"Wildlife Services" is a secretive branch of the U.S. Department of Agriculture that annually kills millions of animals. Last year, it liquidated more than four million wildlife and pets, while spending $121 million--mostly tax dollars--to do the task. Their efforts purportedly help those in agribusiness, but new government data demonstrate otherwise.
Never heard of "Wildlife Services"? Don't worry, you're not alone. Although this euphemistically named agency has existed since 1885, it purposefully avoids the spotlight, and it revels in its obscurity. As my colleague, Andrew Wetzler, stated: "they're the most important wildlife agency you never heard of."
Agents and contractors employed by Wildlife Services operate on our national forests, wilderness areas, national monuments, and even on private lands. Unaccountable to the public--except those in agribusiness--these agents employ a secret arsenal that would make any mercenary army proud: helicopters, airplanes, guns, poisons, traps, snares, and wildlife-chasing hounds.
Wildlife Services admits in newly-released data that it exterminated 4.1 million animals and destroyed 18,000 more in 2009. This includes 27,314 beavers; 988,577 blackbirds; and 114,522 mammalian carnivores, including 1,775 bobcats, 82,097 coyotes, 480 wolves, 571 river otters, and 443 black bears.
Last month, WildEarth Guardians filed a lawsuit against Wildlife Services for failing to disclose its 2008 budget expenditures under the Freedom of Information Act. In response, Wildlife Services and its parent agency, the USDA's Animal and Health Inspection Service, claim that the two entities track their expenses using two different databases, but that neither were capable of interacting with the other. Thus, Wildlife Services claims, it does not know how much it spends on its controversial aerial gunning program.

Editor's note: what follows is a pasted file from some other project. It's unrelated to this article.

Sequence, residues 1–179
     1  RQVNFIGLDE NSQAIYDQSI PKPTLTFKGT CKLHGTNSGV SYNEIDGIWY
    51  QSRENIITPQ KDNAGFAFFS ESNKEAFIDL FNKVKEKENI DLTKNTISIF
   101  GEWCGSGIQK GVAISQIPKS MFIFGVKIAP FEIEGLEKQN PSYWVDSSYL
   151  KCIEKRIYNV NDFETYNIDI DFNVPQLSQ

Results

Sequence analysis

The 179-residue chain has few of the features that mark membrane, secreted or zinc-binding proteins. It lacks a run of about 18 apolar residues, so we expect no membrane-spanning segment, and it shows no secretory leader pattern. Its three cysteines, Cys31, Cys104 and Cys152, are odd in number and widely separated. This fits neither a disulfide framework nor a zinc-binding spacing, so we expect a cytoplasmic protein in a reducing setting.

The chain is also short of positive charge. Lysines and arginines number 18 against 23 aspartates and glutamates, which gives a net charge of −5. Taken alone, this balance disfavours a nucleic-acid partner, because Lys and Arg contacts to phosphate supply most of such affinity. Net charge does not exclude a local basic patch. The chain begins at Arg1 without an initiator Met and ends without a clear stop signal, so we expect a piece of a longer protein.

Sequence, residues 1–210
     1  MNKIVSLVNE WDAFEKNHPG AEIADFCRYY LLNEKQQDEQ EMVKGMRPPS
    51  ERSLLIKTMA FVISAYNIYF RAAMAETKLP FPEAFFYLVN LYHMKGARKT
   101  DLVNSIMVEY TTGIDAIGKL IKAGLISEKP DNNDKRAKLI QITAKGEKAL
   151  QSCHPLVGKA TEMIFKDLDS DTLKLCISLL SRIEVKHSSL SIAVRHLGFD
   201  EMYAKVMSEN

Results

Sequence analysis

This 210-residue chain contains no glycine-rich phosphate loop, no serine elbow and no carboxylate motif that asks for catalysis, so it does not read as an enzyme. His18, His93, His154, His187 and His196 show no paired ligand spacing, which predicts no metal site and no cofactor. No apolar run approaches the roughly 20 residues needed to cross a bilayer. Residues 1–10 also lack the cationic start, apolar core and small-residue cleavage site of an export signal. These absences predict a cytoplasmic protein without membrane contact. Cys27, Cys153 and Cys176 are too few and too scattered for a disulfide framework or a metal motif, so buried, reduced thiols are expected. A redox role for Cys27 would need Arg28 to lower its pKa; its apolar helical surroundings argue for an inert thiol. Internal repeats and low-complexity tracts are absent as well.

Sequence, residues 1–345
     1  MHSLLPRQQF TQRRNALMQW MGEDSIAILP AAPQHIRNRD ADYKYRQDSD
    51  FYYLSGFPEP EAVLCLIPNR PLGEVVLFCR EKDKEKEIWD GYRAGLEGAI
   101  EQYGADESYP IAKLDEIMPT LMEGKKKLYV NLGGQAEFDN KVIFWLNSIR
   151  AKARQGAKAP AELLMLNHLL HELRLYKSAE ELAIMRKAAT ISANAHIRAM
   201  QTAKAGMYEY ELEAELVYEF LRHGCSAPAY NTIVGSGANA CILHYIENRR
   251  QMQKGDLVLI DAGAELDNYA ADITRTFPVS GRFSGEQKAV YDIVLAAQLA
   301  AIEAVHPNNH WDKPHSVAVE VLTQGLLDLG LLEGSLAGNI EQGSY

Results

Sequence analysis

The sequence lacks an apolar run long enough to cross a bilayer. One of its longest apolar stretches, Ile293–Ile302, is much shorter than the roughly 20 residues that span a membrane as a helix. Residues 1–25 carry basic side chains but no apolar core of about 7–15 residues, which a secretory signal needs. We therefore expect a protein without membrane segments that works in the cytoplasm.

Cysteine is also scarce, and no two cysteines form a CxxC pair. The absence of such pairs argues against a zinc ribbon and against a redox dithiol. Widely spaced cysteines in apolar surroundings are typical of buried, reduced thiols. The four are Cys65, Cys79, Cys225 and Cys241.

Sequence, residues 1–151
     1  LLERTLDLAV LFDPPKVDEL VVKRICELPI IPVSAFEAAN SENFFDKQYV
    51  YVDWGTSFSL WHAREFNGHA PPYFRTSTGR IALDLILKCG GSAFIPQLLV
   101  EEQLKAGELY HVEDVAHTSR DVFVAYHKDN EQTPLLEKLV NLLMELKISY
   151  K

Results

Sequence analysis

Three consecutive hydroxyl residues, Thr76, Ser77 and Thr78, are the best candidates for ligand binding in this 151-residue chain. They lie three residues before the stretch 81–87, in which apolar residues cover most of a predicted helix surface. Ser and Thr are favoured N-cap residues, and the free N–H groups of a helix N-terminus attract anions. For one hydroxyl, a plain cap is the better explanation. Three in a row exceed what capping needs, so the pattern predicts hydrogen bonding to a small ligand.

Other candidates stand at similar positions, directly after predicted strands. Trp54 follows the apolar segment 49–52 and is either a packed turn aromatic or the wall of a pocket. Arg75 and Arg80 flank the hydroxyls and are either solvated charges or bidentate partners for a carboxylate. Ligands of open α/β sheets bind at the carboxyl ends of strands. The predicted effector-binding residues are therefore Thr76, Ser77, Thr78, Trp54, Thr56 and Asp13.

Wildlife Services cannot judge how many tax dollars it spends shooting coyotes and wolves from helicopters and airplanes? A letter from the government to WildEarth Guardians states: "Wildlife Services does not have a managerial need for financial data at this finite level."
Good to know Wildlife Services does not have that need--but the American public certainly does. Especially when all this killing has no real benefit.
Despite tales of wolves lurking in the woods looking for little girls in red hoods or little pigs in straw houses, wolves and other native carnivores kill very few domestic livestock. According to the USDA's National Agricultural Statistics Service, less than one percent of the entire cattle inventory, and approximately four percent of the entire sheep inventory is killed by carnivores (and this includes domestic dogs). This is true even where wolves have been restored to the landscape.
Wildlife Services kills our native wildlife. They refuse to disclose how much they spend on their operations. They artfully dodge disclosure, even while in litigation. Time for Congress to step in and engage in oversight. Time for this rogue agency to show some accountability to the public because it spends its money with alacrity for ill purpose.